There are some notable green features to the stimulus package, but these have been modest in size. Initially, 9% of the investment package – amounting to 350 billion yuan (US$51 billion) – was set aside for “biological conservation and environmental protection”. However, when details of the package were announced in March this year, this amount was cut down to 210 billion yuan (US$ 31 billion) or just over 5% of the total package. In contrast to the speedy disbursement of funds for infrastructure projects, as of June, only 10% of that amount had been disbursed.

But there are broader environmental opportunities within the package. Environmental benefits that would result from directing the much larger spending for infrastructure and technology toward clean and energy-efficient solutions would far outweigh those that can be achieved through the 5% allocation. For example, the 280 billion yuan (US$41 billion) allocated for housing projects could be a major boost for improving energy and water efficiency in buildings. Likewise, the 1.8 trillion yuan (US$ 264 billion) proposed for the transportation and power sectors could deliver strong environmental benefits if focused on public transit systems and linking renewable energy sources to transmission lines. A recent report by HSBC estimates that 37.8% of China’s stimulus may be considered “green” if such opportunities were realised.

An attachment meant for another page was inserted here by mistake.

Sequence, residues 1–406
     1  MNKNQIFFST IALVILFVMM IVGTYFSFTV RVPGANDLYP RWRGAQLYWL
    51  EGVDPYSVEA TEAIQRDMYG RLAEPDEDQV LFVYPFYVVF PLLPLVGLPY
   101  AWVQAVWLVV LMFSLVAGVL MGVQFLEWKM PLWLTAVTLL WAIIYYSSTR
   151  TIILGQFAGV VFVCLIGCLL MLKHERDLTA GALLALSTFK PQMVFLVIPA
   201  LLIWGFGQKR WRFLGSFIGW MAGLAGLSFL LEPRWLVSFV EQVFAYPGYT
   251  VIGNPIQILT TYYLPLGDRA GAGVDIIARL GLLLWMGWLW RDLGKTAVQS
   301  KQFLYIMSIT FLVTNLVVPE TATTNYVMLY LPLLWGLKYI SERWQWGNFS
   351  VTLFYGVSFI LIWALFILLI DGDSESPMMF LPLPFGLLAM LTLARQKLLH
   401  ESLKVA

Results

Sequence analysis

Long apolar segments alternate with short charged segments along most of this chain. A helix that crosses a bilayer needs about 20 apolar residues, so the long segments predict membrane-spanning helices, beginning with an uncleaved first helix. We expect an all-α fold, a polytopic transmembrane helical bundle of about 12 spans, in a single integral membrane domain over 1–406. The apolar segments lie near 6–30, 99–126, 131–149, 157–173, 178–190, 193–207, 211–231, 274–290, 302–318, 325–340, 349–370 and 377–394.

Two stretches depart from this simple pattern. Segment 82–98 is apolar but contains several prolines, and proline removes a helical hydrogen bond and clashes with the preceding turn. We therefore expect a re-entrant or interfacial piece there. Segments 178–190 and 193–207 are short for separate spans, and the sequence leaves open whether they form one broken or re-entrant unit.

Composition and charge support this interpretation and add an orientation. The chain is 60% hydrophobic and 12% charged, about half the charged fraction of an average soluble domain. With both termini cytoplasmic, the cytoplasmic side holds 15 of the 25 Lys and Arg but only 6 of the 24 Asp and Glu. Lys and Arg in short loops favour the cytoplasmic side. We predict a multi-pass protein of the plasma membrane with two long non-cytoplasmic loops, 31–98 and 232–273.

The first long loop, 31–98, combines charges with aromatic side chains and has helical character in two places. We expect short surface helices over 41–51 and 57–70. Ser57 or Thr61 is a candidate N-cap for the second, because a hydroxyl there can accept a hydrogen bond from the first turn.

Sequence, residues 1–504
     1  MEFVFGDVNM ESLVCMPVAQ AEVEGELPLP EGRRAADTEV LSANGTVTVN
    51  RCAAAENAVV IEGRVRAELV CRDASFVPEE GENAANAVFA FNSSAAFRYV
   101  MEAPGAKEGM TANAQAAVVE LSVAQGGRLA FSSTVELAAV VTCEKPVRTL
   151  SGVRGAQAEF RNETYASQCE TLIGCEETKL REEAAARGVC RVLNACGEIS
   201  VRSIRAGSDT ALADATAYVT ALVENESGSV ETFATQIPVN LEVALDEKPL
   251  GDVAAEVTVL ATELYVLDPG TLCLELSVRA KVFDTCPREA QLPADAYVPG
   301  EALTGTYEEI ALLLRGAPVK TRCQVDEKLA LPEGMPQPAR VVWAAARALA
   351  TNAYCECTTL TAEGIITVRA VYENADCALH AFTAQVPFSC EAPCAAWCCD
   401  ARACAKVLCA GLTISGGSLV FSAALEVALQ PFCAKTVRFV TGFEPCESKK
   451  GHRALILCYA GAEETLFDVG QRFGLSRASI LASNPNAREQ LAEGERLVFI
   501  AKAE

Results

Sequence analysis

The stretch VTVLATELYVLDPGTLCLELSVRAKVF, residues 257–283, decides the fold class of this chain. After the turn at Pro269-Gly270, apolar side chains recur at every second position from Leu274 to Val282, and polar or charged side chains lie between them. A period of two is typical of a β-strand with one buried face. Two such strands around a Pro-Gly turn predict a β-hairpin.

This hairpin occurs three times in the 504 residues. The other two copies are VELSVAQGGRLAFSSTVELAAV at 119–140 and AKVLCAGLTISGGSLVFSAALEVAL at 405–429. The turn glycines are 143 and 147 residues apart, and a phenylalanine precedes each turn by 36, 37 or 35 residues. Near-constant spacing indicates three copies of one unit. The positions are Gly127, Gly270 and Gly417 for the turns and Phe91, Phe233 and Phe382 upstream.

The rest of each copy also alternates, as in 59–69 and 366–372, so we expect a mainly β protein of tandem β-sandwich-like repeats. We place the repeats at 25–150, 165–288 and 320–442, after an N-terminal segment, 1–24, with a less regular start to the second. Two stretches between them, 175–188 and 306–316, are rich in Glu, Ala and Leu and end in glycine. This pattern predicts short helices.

To date, however, the bulk of the stimulus spending is being funneled into energy-intensive sectors and large infrastructure projects, many of which have been on the books for years but slowed or halted by negative environmental assessments that are now being overridden in the interests of salvaging the economy. A similar story can be told of the massive injections of credit: because of the way the Chinese financial system is hard-wired, much of this new lending is channeled into state-owned companies in the highly polluting construction, manufacturing and infrastructure sectors, the latter two of which are already plagued by overcapacity.

So far, the main beneficiaries of the stimulus seem to have been cement, iron and steel producers. This is hardly surprising for an economy that invests over 40% of its GDP in infrastructure. Crude steel output in China rose to a record 266.6 million tonnes in the first half of 2009, as the stimulus spurred demand from the construction and automobile sectors.

Of greater concern are signs that, in its no holds barred approach to stimulating the economy, the government has systematically de-prioritised environmental concerns. The roll back of environmental impact assessments – through the establishment of a fast-track system, ironically called the “green passage” – is a surface sign of deeper power shifts within government.

Just as the Songhua River chemical spill brought to the boil simmering tensions between “pro-environment” and “pro-growth” lobbies four years ago – culminating in the forced resignation of the then environment minister – so is the stimulus proving to be a battleground for diametrically opposed visions and policy programmes.

The fault lines are broadly the same this time round.

On one side are those who recognise that the current mode of growth is socially and environmentally unsustainable and economically unsound, and advocate for a response that would address fundamental imbalances in the economy. I will call this the “rebalancing” camp. The Ministry of Environmental Protection (MEP), the National Bureau of Statistics (NBS), the People’s Bank of China (PBoC), and many prominent academicians, policy advisors and think-tanks seem to fall in this camp. They have all warned that the current stimulus may be exacerbating structural imbalances.